LeBron Leads the Way as Heat Win Pivotal Game FiveLeBron James led the Miami Heat in scoring (30 points), rebounds (eight) and assists (six, tied with Mario Chalmers) as they defeated the Indiana Pacers 90-79 to move within one victory of a third straight trip to the NBA Finals. It is interesting to hear LeBron James being praised for doing precisely the things that Kobe Bryant is often criticized for doing: cussing out teammates and taking over the game by scoring. James gave his teammates an earful on the sidelines prior to the second half and then he poured in 16 points on 7-10 field goal shooting in the decisive third quarter as the Heat outscored the Pacers 30-13 to take control of the game after the Pacers led for most of the first half. James is an excellent passer--he had four assists in the third quarter alone--but the idea that he is a pass first player is not quite correct; James is a very dominant scorer and his teams have always been at their best when he relentlessly attacks the hoop. James has a scoring, attacking mentality that pass first point guards like Magic Johnson and Jason Kidd never had; even when Magic Johnson took on added scoring responsibilities he never scored at nearly the same rate that James scores.
It is tempting for some people to compare what James is doing to what he did when he played in Cleveland but the critical difference now is that James' mental game is much, much stronger; he quit when things got tough versus Boston in the 2010 playoffs and versus Dallas in the 2011 Finals but now James understands the obligation that comes with being the best player on the court/best player in the league: it is his job to take over by asserting his will and he cannot abdicate that responsibility by casually dribbling the ball up the court, giving it up and watching passively as the game slips away (which is what he did in the aforementioned Boston and Dallas scenarios). Being a great player is not defined entirely by statistics but rather by timely impact; Paul George, James' Indiana counterpart, had a game that is statistically comparable (27 points, 11 rebounds, five assists) but no one who watched game five with understanding would put George in the same category as James, even though George is a very good player.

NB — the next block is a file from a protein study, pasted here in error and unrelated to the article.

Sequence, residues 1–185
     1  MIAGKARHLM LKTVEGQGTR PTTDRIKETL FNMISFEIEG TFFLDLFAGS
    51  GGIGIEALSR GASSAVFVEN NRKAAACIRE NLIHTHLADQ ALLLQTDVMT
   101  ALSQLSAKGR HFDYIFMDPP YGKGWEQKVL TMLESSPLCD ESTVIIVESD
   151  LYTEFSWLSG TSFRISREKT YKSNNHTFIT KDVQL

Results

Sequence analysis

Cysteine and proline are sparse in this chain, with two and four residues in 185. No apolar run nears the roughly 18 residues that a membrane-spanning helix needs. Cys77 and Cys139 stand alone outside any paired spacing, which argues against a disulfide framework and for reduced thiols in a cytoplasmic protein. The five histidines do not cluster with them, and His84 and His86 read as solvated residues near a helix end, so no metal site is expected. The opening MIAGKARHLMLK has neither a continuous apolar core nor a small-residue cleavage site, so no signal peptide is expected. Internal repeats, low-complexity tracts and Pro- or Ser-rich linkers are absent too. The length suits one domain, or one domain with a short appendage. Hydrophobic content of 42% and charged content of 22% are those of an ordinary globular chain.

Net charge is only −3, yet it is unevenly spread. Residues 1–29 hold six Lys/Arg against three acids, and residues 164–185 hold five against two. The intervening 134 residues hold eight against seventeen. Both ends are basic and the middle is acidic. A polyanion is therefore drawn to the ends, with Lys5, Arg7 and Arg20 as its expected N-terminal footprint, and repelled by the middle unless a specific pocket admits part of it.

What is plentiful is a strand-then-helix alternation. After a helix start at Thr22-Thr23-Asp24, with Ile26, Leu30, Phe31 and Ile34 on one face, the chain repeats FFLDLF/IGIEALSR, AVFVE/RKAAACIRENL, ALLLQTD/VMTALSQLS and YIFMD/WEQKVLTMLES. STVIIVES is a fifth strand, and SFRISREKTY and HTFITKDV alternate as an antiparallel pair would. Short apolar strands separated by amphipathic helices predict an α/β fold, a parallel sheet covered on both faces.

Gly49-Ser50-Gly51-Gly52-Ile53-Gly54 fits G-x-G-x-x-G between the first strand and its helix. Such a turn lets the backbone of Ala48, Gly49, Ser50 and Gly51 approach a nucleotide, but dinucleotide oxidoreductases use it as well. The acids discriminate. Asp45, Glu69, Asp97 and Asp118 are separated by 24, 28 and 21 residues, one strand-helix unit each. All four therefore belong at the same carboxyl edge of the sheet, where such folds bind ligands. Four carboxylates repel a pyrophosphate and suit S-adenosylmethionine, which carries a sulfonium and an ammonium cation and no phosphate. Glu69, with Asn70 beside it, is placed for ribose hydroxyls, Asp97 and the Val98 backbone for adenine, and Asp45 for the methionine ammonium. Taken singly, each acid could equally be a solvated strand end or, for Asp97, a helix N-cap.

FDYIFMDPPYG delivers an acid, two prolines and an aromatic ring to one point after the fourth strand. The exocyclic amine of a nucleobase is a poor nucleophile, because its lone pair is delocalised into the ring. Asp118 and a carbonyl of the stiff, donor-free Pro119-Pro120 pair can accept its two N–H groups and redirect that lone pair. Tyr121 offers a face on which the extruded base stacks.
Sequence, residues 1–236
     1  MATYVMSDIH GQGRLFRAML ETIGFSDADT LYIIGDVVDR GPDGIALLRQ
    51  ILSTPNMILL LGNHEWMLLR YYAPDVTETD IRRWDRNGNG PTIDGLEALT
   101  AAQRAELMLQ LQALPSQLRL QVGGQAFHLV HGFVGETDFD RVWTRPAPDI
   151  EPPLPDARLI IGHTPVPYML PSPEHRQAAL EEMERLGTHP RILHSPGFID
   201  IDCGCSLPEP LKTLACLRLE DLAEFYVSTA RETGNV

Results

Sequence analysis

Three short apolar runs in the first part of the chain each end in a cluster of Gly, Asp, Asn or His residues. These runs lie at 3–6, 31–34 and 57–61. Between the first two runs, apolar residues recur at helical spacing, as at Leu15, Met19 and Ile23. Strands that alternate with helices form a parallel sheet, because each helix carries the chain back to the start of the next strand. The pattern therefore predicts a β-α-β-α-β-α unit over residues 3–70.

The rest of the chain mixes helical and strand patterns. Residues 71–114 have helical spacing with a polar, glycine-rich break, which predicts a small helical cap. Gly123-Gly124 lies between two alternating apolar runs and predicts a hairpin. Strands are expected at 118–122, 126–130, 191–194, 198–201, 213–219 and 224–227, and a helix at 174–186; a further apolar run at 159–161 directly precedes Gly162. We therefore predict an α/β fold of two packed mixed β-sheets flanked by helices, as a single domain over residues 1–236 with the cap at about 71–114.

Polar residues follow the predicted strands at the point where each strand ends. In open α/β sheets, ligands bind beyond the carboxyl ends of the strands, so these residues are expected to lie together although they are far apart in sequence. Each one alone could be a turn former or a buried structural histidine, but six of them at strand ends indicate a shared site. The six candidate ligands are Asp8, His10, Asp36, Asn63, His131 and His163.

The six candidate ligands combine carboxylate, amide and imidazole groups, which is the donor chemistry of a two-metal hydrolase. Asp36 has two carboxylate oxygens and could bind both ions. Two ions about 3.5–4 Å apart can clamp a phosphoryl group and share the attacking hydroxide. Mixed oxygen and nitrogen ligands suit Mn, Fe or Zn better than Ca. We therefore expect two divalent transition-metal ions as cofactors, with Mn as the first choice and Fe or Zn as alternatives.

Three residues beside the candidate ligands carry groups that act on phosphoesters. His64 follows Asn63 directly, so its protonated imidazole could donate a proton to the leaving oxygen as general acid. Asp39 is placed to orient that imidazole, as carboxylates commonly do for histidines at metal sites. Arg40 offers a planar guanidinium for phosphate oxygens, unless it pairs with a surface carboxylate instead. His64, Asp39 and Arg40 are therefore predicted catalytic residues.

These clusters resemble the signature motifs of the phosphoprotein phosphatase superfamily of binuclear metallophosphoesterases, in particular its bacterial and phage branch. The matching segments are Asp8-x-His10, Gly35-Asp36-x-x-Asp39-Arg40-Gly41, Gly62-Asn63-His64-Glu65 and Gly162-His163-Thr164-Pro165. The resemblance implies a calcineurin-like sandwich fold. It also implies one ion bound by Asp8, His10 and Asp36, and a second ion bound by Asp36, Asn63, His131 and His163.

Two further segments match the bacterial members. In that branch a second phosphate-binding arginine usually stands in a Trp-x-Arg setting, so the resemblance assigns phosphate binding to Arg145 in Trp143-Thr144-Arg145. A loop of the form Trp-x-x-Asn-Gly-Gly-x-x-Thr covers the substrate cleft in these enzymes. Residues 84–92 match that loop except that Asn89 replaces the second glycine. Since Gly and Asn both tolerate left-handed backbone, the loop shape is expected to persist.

The Indiana Pacers are big, physical, well-coached and very tough on defense--but they do not have a legit franchise player and that is why they likely will lose this series. The only way that a team that lacks a legit franchise player can win a championship is by executing very efficiently at both ends of the court and consistently receiving significant contributions from several All-Star caliber performers.The 1979 Seattle Supersonics accomplished this, as did the 2004 Detroit Pistons.